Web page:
Yes there are several exercises that work the neck muscles in addition to their primary target muscles, but for the neck - specifically - do a neck exercise.
For all-around strength, there are lots of different programs that "work" but they all have the same basics in common. Multiple sets (2-5) of relatively low repetitions (around 5 give or take) of a few (3-5 exercises) done 2-4 times a week.
IMO a complete program works the body through six ranges of motion:
- upper body pushing forward (bench press, pushups)
- upper body pulling backward (pendlay rows, hammersmith machine rows)
- upper body pushing up (overhead press)
- upper body pulling down (chins)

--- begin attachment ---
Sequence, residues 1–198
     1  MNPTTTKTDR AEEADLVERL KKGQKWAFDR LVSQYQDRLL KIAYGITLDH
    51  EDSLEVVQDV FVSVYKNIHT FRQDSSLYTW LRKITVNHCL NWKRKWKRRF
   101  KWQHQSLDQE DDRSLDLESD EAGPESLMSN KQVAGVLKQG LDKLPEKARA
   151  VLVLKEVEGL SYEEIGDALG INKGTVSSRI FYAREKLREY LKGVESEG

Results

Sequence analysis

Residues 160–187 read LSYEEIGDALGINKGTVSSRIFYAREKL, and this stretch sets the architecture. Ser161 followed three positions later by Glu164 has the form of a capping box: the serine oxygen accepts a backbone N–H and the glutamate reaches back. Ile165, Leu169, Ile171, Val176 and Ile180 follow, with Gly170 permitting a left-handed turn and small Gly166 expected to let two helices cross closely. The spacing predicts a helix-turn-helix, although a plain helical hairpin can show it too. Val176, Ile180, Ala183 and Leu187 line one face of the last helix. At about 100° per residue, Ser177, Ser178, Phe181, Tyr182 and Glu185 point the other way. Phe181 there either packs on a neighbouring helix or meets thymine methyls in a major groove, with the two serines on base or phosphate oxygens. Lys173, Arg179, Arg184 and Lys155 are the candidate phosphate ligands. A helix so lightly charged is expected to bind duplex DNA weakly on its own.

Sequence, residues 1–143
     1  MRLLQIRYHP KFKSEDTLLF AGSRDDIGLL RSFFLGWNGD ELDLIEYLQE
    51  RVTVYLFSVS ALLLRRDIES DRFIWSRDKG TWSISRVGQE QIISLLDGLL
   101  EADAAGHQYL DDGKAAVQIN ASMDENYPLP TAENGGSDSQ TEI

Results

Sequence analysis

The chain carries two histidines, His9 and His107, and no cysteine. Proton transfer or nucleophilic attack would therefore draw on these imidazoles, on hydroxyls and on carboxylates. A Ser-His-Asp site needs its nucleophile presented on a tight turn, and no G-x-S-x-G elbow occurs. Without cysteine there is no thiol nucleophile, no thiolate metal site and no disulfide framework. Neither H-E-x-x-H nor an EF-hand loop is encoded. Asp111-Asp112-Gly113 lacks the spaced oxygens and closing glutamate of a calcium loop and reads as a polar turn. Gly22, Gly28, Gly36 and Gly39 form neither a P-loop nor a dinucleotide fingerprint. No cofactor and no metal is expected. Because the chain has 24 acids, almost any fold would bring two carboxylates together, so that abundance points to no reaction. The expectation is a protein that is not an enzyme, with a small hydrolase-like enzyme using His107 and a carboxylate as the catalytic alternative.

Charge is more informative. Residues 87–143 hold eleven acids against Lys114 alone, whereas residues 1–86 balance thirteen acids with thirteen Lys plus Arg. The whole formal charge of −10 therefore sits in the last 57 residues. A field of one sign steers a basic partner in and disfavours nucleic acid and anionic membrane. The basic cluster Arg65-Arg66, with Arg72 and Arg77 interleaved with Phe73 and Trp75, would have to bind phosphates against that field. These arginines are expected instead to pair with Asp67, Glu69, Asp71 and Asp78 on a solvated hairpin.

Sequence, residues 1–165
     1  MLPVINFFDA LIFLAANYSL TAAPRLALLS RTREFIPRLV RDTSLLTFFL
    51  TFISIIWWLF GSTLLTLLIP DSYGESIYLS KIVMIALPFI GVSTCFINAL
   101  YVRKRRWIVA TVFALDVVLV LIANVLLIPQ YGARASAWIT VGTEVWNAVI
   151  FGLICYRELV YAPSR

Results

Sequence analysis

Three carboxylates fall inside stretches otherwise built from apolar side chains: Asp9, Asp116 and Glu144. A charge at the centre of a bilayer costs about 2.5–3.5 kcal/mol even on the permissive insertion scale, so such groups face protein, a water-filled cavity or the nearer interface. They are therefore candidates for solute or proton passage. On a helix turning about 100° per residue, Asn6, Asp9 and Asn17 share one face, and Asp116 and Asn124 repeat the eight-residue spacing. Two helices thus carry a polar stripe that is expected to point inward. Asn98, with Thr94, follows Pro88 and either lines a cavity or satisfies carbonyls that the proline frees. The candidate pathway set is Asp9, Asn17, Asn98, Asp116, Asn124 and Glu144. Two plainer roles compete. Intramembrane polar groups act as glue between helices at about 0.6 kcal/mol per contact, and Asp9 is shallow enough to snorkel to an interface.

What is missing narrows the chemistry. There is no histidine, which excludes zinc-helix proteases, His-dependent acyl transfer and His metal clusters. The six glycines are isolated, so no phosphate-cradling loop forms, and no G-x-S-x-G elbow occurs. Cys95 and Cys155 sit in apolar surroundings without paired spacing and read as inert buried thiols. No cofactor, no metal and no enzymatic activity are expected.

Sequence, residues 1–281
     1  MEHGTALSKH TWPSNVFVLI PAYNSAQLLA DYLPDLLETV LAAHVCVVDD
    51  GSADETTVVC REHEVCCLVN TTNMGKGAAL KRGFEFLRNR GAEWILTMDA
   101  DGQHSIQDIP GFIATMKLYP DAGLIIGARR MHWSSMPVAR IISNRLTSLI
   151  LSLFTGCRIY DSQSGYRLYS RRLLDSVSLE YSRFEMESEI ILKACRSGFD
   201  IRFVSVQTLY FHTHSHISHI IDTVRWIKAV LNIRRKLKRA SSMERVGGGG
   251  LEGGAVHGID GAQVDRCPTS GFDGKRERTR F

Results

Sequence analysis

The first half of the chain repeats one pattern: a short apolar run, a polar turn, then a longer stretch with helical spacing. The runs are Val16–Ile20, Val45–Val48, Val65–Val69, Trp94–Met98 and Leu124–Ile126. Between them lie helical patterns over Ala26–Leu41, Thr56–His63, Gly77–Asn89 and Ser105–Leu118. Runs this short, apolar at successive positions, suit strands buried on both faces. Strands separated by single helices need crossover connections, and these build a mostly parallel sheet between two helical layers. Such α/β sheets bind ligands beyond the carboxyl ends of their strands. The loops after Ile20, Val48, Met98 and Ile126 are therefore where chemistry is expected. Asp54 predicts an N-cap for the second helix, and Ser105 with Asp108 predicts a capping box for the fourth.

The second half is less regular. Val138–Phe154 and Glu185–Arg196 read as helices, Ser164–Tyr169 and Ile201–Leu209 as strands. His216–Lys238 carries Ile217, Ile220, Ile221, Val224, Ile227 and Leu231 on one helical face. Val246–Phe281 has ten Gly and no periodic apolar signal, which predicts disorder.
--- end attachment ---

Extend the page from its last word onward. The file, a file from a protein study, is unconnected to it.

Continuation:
- bending/straightening legs (squats, front squats, combination of leg extensions and leg curls or glute-ham raise, to some extent deadlifts)
- hip extension (deadlifts, cleans or snatches, to some extent squats)
So different programs like Starting Strength (or the ripoff of SS that is called "Stronglifts"), the high school football program BiggerFasterStronger (or the ripoff of BFS that is called "5/3/1"), or any number of other basic beginner programs will do the trick. Even bodyweight programs will work effectively if well-designed.
It could be as simple as 3 sets of 5 reps with workouts alternating Squat/Bench/Row and Deadlift/OHP/Chins on a M/W/F schedule, or as complicated as SS' "Texas Method" or BodyRecomposition's "Generic Bulking Program", because any and all of these work the body through the required ranges of motion with heavy weights at a good repetition range.
Keep it simple. Work hard. Add weight to the bar over time. Do that, and you'll make progress.
Last edited by JustAnotherDude; 08-30-2012 at 07:57 PM. Reason: clarity
So I said to him, I says, "Get your OWN monkey!"